upon appellant's request, viewed the premises in question and made a close examination of the seats, steps, and platform involved in the present controversy. In a memorandum opinion subsequently written, the trial court, after describing the conditions in detail, concluded that the "step-off" was dangerous in itself and that the owner was negligent in maintaining it.

Thereafter, the court made formal findings, of which we quote the two bearing specifically upon the principal issues presented at the trial and upon the main contentions advanced upon the appeal.

"V. That the step-off was deceptive in that it was at a place where a step would not be expected and while well lighted so as to attract the attention of one entering the back row, the painting and lighting were clearly insufficient to attract the attention of one who would naturally face the back of the seats in front and work past another patron seated or standing, as plaintiff [respondent] did; the light would be cut off when the seat at the step-off was occupied by a woman as the evidence shows it was in this case; a patron, such as the plaintiff, desiring to exit to the aisle from the back row would not anticipate the step-down before the end of the row and aisle was reached; the step-off was of unusual height for a busy theater; this step-off was dangerous in itself and the defendant [appellant] was negligent in maintaining it.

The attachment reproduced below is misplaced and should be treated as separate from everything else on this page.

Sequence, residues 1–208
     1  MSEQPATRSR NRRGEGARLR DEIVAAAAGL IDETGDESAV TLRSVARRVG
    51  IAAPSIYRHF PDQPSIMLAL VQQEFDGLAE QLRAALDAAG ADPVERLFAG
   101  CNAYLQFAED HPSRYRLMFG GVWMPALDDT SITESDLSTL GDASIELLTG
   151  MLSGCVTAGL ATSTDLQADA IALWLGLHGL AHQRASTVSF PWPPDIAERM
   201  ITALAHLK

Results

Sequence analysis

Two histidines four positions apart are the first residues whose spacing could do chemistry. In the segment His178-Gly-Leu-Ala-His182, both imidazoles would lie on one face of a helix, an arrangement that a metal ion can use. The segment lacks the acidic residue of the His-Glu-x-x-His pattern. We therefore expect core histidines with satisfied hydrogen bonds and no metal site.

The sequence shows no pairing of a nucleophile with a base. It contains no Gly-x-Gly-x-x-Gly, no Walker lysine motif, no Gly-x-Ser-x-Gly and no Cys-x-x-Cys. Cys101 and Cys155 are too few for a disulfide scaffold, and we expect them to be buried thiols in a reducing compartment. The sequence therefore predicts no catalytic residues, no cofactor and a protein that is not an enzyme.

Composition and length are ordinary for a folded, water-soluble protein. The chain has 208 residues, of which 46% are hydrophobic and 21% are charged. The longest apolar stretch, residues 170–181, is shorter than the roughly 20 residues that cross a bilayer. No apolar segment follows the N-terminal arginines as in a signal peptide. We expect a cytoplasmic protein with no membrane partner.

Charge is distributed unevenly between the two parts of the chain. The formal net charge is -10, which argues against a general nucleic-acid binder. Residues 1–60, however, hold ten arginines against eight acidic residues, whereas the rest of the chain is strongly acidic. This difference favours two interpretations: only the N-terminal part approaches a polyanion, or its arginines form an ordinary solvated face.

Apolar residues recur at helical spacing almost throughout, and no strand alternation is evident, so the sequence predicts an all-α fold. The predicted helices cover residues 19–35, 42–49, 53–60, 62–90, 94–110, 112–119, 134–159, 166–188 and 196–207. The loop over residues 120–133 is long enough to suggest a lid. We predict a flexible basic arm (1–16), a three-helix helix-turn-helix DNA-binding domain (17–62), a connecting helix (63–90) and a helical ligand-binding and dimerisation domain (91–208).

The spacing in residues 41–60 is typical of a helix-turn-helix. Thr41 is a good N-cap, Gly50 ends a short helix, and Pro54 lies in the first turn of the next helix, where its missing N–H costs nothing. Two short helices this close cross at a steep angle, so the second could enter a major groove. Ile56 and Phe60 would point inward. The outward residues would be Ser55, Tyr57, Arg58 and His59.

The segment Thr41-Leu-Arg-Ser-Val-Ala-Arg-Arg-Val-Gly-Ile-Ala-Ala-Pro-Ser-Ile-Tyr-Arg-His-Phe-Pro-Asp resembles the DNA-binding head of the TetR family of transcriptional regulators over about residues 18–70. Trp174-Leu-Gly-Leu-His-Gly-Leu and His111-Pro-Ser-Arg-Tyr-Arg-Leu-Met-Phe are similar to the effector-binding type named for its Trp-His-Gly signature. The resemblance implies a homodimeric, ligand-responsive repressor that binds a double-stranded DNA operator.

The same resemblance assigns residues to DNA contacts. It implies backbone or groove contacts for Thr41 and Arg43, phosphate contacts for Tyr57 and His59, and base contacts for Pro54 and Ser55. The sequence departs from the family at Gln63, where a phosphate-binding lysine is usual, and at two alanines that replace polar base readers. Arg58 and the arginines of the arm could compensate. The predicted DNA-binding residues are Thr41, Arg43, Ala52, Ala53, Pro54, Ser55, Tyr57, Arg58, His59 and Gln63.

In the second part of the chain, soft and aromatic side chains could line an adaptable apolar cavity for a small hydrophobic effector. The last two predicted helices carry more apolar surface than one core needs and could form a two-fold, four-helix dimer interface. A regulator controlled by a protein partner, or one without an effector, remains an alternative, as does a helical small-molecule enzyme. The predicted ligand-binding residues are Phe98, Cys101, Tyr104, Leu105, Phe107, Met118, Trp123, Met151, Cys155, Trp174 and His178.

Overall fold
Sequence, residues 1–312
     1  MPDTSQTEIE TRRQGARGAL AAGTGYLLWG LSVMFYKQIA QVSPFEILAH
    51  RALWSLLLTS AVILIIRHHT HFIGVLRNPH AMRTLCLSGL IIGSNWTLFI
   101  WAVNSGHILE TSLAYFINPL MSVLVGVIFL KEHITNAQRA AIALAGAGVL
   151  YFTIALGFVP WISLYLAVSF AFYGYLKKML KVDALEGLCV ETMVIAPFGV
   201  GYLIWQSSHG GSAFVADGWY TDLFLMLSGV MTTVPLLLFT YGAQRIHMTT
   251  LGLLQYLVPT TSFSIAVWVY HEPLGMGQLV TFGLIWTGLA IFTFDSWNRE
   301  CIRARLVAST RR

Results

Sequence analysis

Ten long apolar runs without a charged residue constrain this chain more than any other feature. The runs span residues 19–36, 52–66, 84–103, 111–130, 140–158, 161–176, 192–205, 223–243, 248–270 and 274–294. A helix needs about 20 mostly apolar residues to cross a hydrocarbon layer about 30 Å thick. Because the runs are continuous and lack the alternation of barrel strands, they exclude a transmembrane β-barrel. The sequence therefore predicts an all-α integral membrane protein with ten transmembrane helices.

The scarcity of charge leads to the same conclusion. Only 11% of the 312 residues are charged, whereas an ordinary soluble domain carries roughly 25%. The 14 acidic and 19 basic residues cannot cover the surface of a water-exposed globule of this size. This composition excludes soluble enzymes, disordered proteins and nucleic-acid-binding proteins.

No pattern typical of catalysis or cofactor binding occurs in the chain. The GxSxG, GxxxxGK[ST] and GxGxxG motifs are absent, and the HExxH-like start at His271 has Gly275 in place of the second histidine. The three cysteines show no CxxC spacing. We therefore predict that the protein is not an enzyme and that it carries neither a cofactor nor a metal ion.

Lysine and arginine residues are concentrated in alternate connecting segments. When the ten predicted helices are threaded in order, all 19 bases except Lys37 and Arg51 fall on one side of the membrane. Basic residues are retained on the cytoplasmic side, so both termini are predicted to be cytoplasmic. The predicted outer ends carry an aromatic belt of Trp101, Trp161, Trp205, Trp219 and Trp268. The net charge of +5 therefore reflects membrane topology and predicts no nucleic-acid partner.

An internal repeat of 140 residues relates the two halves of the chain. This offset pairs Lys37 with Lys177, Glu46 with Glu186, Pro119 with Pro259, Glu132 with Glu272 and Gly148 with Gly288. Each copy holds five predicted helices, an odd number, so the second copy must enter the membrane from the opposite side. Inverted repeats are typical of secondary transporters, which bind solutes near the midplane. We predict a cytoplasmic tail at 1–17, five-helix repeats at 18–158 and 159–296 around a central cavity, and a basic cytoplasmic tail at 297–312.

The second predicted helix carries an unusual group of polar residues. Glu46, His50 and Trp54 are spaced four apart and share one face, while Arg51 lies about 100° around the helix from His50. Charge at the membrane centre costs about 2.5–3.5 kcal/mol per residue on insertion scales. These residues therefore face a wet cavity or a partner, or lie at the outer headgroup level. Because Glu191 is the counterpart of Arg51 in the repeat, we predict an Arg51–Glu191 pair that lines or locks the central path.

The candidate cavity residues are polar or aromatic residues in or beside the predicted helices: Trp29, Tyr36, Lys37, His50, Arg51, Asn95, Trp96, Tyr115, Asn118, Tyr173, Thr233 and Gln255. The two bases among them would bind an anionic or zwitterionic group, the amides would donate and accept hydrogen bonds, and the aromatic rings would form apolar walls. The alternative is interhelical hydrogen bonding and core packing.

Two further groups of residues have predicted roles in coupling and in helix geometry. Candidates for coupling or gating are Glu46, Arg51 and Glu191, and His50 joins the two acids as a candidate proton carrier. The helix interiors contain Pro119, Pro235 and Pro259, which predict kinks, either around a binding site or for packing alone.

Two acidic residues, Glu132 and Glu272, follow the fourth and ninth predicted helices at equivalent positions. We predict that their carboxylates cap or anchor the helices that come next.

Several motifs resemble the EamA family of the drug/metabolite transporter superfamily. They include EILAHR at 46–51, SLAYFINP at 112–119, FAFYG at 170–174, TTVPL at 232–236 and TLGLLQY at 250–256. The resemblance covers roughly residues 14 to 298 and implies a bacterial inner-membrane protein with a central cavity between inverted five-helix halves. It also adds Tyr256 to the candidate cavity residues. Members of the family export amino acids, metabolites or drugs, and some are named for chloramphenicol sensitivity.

"VI. The plaintiff came in by the steps in question, and in leaving intended to step down at the end of the row of seats; however, the position of the cut in stepoff was so deceptive that the plaintiff was not guilty of negligence contributing to her injury."

Upon appeal, appellant contends that the trial court erred in three respects: (1) In holding that appellant was negligent in the maintenance of the step in question; (2) in holding that respondent was not guilty of contributory negligence; and (3), in fixing the amount of the damages at twelve hundred dollars.

 386    OLSEN v. JOHN HAMRICK'S TACOMA THEATRES.
               Opinion Per STEINERT, J. [9 Wn. (2d)

[1] We preface our discussion of the assignments of error by referring to the well known rule that, in a case tried to the court, its findings of fact are to be accepted as verities, unless from the record it appears that they are contrary to the clear preponderance of the evidence. Warner v. Keebler, 200 Wash. 608, 94 P. (2d) 175; Gensman v. West Coast Power Co., 3 Wn. (2d) 404, 101 P. (2d) 316; Evans v. Hartmann, 5 Wn. (2d) 434, 105 P. (2d) 717; Winston v. Bacon, 8 Wn. (2d) 216, 111 P. (2d) 764.

That rule is particularly applicable in a case where, as here, the trial court was not restricted to visualization of the premises from descriptions given by the witnesses, but, in addition, had the benefit of personal observation, examination, and test of the particular equipment while in normal use. Judson v. Tide Water Lumber Co., 51 Wash. 164, 98 Pac. 377.

We now take up appellant's contentions in the order given, dealing first with the question of appellant's negligence.